“Only citizens can play for a country.” They thundered. “South Africans are not allowed to represent other countries.” They claimed.

Let us start by setting the record straight. Mtawarira is not the first Zimbabwean to play for the Boks. Famous Boks, Adrian Garvey and Bobby Skinstaad, like Mtawarira, were born in Zimbabwe. Steve Elworthy, director of South Africa’s Twenty20 Cricket Tournament in 2007, was also born in Zimbabwe, and played cricket for the SA national team.

The claims of the Ministry of Sport’s not only lay bare their ignorance of the South African law they claim to uphold, but they also reveal anti-black racism and xenophobia. Laws allowing immigration based on exceptional skill do not mean that the skill is non-existent in the country, but are meant to augment the existing skills base.

Snide remarks about Mtawarira’s skills not being scarce smack of envy and jealous. The entire statement is baseless given the number of white Zimbabweans who have played for various South African national teams. The only major difference with previous cases is that Mtawarira is black. Either that or xenophobia only can explain the ministry’s outburst, not merit or precedent.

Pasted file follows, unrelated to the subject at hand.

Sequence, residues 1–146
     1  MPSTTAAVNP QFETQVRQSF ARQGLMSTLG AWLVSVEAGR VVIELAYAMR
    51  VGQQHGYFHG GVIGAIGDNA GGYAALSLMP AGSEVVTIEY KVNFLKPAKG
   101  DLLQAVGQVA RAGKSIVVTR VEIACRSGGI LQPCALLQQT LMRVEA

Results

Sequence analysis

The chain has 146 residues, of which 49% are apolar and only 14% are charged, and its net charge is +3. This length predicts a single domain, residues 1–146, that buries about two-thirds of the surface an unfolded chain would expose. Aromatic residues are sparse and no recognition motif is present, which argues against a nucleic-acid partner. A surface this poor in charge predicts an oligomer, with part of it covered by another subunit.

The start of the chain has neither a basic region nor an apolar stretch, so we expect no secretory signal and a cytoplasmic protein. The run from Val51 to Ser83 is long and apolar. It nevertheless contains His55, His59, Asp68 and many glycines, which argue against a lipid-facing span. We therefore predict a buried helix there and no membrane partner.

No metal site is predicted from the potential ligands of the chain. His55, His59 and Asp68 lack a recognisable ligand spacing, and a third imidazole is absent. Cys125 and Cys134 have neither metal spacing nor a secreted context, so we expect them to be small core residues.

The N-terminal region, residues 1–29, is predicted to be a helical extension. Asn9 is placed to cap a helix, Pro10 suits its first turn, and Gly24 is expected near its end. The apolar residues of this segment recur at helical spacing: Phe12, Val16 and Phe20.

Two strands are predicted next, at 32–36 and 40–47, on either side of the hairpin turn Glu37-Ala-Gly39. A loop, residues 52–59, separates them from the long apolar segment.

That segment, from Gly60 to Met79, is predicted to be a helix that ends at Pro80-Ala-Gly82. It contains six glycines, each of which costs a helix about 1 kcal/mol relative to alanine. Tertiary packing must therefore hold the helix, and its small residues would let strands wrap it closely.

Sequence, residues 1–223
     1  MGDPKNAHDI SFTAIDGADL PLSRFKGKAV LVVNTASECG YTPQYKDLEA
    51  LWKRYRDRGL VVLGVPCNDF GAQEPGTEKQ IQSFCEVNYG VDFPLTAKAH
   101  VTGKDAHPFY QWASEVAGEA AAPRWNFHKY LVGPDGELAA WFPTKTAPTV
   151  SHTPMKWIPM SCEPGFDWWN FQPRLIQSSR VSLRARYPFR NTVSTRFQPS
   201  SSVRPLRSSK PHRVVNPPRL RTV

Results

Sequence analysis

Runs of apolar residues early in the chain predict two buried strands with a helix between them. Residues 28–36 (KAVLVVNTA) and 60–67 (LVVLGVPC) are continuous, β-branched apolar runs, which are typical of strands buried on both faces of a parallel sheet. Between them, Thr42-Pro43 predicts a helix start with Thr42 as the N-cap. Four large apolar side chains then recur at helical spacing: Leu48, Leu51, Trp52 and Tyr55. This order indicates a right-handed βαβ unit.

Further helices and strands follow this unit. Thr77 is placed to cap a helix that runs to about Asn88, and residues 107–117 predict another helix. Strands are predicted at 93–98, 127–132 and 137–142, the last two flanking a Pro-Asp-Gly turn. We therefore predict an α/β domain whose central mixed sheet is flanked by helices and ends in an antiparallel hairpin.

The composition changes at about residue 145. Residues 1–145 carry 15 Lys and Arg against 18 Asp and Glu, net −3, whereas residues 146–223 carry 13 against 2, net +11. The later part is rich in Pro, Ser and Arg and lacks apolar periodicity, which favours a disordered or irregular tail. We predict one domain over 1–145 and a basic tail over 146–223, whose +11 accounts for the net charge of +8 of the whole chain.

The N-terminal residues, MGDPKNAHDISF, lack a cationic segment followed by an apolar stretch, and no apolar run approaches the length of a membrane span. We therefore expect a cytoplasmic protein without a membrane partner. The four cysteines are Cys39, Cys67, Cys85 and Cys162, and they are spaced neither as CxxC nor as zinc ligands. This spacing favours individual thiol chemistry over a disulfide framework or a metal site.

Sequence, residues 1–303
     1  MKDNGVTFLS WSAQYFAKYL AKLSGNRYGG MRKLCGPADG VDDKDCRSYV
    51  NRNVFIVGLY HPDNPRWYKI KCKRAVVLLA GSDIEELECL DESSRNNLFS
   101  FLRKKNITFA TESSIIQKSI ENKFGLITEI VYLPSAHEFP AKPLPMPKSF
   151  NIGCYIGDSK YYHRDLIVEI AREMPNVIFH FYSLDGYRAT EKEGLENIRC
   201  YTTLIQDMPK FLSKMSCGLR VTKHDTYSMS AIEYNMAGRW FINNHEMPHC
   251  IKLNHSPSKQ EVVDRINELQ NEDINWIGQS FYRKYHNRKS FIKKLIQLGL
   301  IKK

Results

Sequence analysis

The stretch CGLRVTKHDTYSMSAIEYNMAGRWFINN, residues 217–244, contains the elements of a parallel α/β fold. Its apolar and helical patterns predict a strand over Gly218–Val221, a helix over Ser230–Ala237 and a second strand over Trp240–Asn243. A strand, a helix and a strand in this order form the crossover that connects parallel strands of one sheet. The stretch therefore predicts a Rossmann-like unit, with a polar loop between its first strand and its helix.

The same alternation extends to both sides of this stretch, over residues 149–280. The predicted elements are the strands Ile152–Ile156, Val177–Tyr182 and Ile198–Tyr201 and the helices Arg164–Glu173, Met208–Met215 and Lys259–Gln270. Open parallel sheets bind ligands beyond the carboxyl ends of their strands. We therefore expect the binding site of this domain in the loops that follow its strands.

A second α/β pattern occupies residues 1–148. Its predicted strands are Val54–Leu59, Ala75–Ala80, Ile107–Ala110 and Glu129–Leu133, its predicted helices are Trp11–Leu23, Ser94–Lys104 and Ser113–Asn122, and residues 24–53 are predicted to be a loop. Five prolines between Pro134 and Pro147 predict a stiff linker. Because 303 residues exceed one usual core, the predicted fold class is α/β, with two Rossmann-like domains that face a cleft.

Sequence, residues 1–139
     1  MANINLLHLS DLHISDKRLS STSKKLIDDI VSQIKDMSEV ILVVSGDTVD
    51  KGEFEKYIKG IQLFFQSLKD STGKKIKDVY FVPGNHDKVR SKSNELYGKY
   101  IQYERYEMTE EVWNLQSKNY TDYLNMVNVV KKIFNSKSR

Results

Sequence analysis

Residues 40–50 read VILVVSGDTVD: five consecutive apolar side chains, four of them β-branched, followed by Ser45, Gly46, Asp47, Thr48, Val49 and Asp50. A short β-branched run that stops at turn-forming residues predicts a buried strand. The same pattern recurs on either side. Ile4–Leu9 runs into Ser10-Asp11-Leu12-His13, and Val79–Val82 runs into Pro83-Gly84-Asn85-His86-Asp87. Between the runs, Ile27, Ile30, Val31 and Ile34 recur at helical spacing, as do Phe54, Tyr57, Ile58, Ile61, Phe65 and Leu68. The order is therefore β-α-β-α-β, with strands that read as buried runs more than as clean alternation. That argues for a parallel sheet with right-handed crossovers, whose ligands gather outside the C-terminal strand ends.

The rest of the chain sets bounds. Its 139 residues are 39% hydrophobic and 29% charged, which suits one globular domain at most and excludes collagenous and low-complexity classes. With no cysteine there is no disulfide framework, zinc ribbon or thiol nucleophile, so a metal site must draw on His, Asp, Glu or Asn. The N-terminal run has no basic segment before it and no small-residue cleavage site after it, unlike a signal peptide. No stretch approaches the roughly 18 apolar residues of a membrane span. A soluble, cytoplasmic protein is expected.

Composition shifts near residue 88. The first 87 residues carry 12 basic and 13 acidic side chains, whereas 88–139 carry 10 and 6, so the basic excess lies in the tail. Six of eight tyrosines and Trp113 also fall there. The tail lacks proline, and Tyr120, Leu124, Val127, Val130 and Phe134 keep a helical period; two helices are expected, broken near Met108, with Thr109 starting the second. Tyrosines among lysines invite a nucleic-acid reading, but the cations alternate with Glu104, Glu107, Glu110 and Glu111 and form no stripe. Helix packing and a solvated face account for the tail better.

Also, claims that “only citizens of a country can represent a country” are ignorant. The various international sports codes follow different standards when it comes to allowing athletes to represent countries other than they were born in, or they are citizens of.

The strictest are FIFA.

Under FIFA rules once you represent one country, you cannot subsequently represent any other country the rest of your career. For example Lewin Nyatanga cannot now ever represent Zimbabwe at any level in soccer because he featured for the Welsh under-21 team. Bruce Grobbelaar the famous Zimbabwe and Liverpool goalkeeper was born in Durban, South Africa. But he played for Rhodesia as an 18 year-old and after that he could not represent any other country apart from Zimbabwe. Despite gaining British citizenship based on ancestry and being arguably the best goalkeeper of his time, he could not play for England.

In short even the very strict FIFA standards do not amount to “only citizens of a country can represent a country”. They simply say once you have represented country X at any level you cannot subsequently represent any other country. They do not impose any discrimination based on citizenship, or place of birth.